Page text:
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Cruising Asia - The Ports, The Sights, And More

Ben Hall

Few places on earth can offer visitors such a smorgasbord of experiences as Asia. Where else do wildly ornate temples stand next to glass and steel skyscrapers, and bicycle rickshaws share dusty, narrow streets with gleaming new cars? One of the perennial problems with travelling in Asia is the number of diverse countries there are to visit. Another is the often vast distances between them. But this is where a cruise can provide a unique perspective on the region. From the ancient history of China to the grand entrance into Hong Kong’s Victoria Harbour, it’s an experience which provides a fascinating mix of natural and man-made attractions encapsulated in a single voyage. The first task is choosing what you want to see. Many itineraries focus on the popular South-East Asian countries of Singapore, Thailand, Malaysia, and Vietnam, and they dominate for good reason. 


Located at the crossroads of South-East Asia, Singapore is a major cruising hub with plenty of attractions. They include the cultural enclaves of Little India and Chinatown, the charming colonial district and landmark Raffles Hotel, the designer shops of Orchard Road and, across the channel, the quiet oasis of Sentosa Island with its beaches and theme parks.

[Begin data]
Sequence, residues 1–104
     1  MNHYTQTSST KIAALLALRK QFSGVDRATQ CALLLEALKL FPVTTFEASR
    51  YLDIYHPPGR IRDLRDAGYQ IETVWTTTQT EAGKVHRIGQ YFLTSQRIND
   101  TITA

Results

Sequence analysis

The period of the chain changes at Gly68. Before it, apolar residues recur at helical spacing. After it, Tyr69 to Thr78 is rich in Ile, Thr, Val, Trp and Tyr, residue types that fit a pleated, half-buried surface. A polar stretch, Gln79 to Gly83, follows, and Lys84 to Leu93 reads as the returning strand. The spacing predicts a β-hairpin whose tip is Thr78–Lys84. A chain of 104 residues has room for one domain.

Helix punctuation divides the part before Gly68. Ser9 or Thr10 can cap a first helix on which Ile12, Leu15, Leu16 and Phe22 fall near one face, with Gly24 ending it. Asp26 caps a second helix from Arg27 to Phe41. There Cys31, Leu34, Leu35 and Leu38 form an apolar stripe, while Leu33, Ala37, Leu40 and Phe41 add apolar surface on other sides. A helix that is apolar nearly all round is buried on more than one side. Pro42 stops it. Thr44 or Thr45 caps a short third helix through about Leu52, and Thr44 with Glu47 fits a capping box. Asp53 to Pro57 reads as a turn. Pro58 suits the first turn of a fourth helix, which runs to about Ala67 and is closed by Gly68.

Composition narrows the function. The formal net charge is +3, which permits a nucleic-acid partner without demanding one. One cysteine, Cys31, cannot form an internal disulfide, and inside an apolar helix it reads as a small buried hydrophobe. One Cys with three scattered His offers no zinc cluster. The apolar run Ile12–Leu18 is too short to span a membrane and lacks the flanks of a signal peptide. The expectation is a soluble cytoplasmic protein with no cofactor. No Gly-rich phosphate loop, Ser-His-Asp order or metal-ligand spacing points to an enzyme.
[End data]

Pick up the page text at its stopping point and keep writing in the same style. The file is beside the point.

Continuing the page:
In Malaysia, popular destinations include Kuala Lumpur (via Port Klang), Malacca, Langkawi and Penang. Kuala Lumpur is the nation’s capital, a bustling city which has successfully managed to blend modern with traditional. It’s also home of the magnificent “Blue” Mosque - arguably one of the biggest in South-East Asia - and boasts the world’s tallest freestanding twin structure - the Petronas Twin Towers. In contrast Penang, dubbed the “Pearl of the Orient”, offers a diverse experience of colonial architecture, hillside retreats and glorious beaches. 


The diversity continues in Thailand. Popular ports of call here include Bangkok (via Laem Chabang) - a steamy, sprawling metropolis thronging with people, ornate temples and markets - and the paradise islands of Phuket and Koh Samui famous for their coral reefs, abundant marine life, and golden beaches.


With a rich history dating back some 2,000 years and infused with aspects of Chinese, French and American culture, Vietnam is both a popular and alluring destination. What was once ‘Saigon’ is now Ho Chi Minh City, a fascinating blend of the Orient and the West and the old and the new, and home to nearly seven million people and one million motorbikes. Many cruise ships also “stop by” stunning Halong Bay, one of Vietnam’s most celebrated attractions and a designated World Heritage Site. Its unique seascape is a stretch of fragmented limestone outcroppings, sheer cliffs, huge rock arches and tranquil coves which have to be seen to be believed.

Hong Kong

Arguably Asia’s most famous and truly international city, Hong Kong, is another major hub which also serves as a start or end point for many Asia cruises. A city on an island with a world-famous skyline, it’s a melting pot of the East and West which truly has it all - jaw-dropping scenery, a colourful history, traditional markets and designer shopping. It’s also a food lover’s “Shangri-la”.